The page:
Law School Discussion

"academic steroids" in law school?

Re: "academic steroids" in law school?
« Reply #80 on: May 11, 2007, 02:29:12 PM »

I don't think it's imaginary.  I just think prescribing pills for it is akin to prescribing pills for weight loss, or high blood pressure.  There are literally hundreds of things you can do to get around the diagnosis, but a pill is simply the easiest way out.  I would imagine for some a pill may be the only way around it, but the prevalence of ADD now is alarming.  I don't think it is representative of the amount of people who actually need the medication.

I did not intent to attribute the claim that ADD/ADHD is imaginary to you. But it is a prevailing attitude, with some merit (see: principle of neurodiversity), and I thought a couple of people, including yourself, had obliquely implied it. I'll definitely agree with you that there are people who take Adderol etc for whom alternative treatments would be more effective.

ptown

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Re: "academic steroids" in law school?
« Reply #81 on: May 11, 2007, 02:54:26 PM »
I find it problematic that ADD has grown so much over the past couple decades.  do more people have this disorder?  or are more people getting diagnosed/misdiagnosed? 

I often wonder this as well, if so many people naturally ADHD/ADD, why wern't there a ton of wild children running around and goofing off in 1950?  It's amazing that the human race has gotten this far with it's natural propensity to produce beings that can't perform a task for more than a few minutes.  How did society fucntion before Ritalin?


I never knew anyone to take "academic steriods" in college, either prescribed or illegally, although people did take them recreationally on occasion with other substances.




we were told we didnt work up to capabilities, didnt sit still, talked out of turn, etc etc etc.  i was in the 60's.  it was said to be behavioral more than physiological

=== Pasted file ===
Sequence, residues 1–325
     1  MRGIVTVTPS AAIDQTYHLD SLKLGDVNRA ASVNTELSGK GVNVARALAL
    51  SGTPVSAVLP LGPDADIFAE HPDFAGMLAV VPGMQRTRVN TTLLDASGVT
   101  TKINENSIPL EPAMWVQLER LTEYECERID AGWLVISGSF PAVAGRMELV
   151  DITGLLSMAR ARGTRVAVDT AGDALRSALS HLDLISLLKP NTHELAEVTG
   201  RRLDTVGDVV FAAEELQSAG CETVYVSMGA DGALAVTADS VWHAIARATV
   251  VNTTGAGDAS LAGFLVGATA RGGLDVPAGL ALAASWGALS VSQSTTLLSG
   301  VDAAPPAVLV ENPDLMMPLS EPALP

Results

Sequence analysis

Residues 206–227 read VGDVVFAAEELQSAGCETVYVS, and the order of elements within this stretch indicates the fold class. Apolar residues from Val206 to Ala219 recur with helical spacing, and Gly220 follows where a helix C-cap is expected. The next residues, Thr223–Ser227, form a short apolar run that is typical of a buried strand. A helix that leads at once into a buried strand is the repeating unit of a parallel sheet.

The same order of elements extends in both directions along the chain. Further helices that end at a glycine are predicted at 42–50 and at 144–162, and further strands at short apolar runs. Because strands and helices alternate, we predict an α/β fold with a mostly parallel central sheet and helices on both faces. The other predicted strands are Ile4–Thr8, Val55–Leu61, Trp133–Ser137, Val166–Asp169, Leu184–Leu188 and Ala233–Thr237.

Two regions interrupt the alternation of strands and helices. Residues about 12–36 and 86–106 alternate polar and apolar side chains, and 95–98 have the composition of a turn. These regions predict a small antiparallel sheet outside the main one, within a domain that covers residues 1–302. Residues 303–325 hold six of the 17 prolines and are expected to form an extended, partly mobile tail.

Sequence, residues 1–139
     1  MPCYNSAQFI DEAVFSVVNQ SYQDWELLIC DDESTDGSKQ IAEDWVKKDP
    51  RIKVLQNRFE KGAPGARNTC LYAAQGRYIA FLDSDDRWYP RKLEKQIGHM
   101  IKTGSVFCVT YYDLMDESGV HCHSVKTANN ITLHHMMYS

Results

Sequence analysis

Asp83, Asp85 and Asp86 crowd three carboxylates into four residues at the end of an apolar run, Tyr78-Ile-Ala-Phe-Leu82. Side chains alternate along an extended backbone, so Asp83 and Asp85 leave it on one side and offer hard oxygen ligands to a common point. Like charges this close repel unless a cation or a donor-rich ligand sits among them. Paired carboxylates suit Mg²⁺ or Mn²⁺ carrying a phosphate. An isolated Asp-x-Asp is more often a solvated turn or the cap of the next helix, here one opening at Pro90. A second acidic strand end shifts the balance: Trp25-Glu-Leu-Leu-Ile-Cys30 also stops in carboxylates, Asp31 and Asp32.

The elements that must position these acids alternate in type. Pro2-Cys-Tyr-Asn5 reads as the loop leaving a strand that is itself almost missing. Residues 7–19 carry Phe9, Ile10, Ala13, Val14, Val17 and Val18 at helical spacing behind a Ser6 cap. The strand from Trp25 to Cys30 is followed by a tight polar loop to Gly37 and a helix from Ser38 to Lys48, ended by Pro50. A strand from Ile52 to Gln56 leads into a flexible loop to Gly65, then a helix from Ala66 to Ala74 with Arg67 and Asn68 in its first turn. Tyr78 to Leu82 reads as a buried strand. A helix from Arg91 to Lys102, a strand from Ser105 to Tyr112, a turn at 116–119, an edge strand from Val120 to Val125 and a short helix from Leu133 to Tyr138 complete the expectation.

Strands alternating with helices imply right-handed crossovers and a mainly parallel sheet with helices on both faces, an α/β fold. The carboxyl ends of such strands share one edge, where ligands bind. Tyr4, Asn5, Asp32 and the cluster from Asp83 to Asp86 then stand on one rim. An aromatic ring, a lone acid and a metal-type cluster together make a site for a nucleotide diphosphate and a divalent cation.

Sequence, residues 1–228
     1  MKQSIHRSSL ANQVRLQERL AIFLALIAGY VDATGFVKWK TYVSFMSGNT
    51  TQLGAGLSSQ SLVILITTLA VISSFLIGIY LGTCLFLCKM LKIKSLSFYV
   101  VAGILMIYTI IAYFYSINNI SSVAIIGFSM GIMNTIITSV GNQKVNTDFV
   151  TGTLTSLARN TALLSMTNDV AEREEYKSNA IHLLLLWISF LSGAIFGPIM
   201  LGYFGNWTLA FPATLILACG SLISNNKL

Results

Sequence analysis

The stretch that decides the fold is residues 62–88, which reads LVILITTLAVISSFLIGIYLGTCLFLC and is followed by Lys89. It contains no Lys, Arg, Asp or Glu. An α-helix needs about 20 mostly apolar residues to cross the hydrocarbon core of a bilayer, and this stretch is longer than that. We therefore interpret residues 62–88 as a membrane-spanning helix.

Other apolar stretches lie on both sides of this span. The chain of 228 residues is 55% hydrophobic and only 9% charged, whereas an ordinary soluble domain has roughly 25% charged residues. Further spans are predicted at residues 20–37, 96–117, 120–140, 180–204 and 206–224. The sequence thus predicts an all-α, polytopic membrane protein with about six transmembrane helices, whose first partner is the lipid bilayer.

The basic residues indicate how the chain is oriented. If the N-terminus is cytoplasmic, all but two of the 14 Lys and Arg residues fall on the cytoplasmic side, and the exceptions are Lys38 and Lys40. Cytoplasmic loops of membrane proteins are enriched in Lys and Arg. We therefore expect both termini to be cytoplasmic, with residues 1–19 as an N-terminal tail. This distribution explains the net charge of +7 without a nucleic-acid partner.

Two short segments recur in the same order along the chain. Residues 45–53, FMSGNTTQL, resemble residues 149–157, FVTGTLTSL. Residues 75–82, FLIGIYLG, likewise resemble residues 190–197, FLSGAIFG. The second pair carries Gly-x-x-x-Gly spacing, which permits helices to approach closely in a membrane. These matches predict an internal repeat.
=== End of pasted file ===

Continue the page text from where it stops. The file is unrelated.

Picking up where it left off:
Does that necessarily mean that everyone with a behavioral problem has a brain chemistry issue?  Can't some people just be problematic and not have it explained by some disease?

I'm not saying that some people don't have a legitimate condition, just that it seems as though today people are jumping to excuse poor behavior in all children by blaming it on phsyiological problems beyond their control.



Thistle

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Re: "academic steroids" in law school?
« Reply #82 on: May 11, 2007, 03:08:11 PM »
I find it problematic that ADD has grown so much over the past couple decades.  do more people have this disorder?  or are more people getting diagnosed/misdiagnosed? 

I often wonder this as well, if so many people naturally ADHD/ADD, why wern't there a ton of wild children running around and goofing off in 1950?  It's amazing that the human race has gotten this far with it's natural propensity to produce beings that can't perform a task for more than a few minutes.  How did society fucntion before Ritalin?


I never knew anyone to take "academic steriods" in college, either prescribed or illegally, although people did take them recreationally on occasion with other substances.




we were told we didnt work up to capabilities, didnt sit still, talked out of turn, etc etc etc.  i was in the 60's.  it was said to be behavioral more than physiological


Does that necessarily mean that everyone with a behavioral problem has a brain chemistry issue?  Can't some people just be problematic and not have it explained by some disease?

I'm not saying that some people don't have a legitimate condition, just that it seems as though today people are jumping to excuse poor behavior in all children by blaming it on phsyiological problems beyond their control.





no.  it just means that i do, and i passed it along to one of my kids. 

i cant speak for anyone else.

Re: "academic steroids" in law school?
« Reply #83 on: May 11, 2007, 05:14:43 PM »
Rev-I didn't really mean to imply in general that time and a half was an unfair advantage, just that in my case I think it would be. I'm also more inclined to try things I can do my whole life (when I need to) such as take a medication, or seclude myself in a private room to get work done.  Maybe I'll change my mind also though, I'm used to writing papers, not taking tests!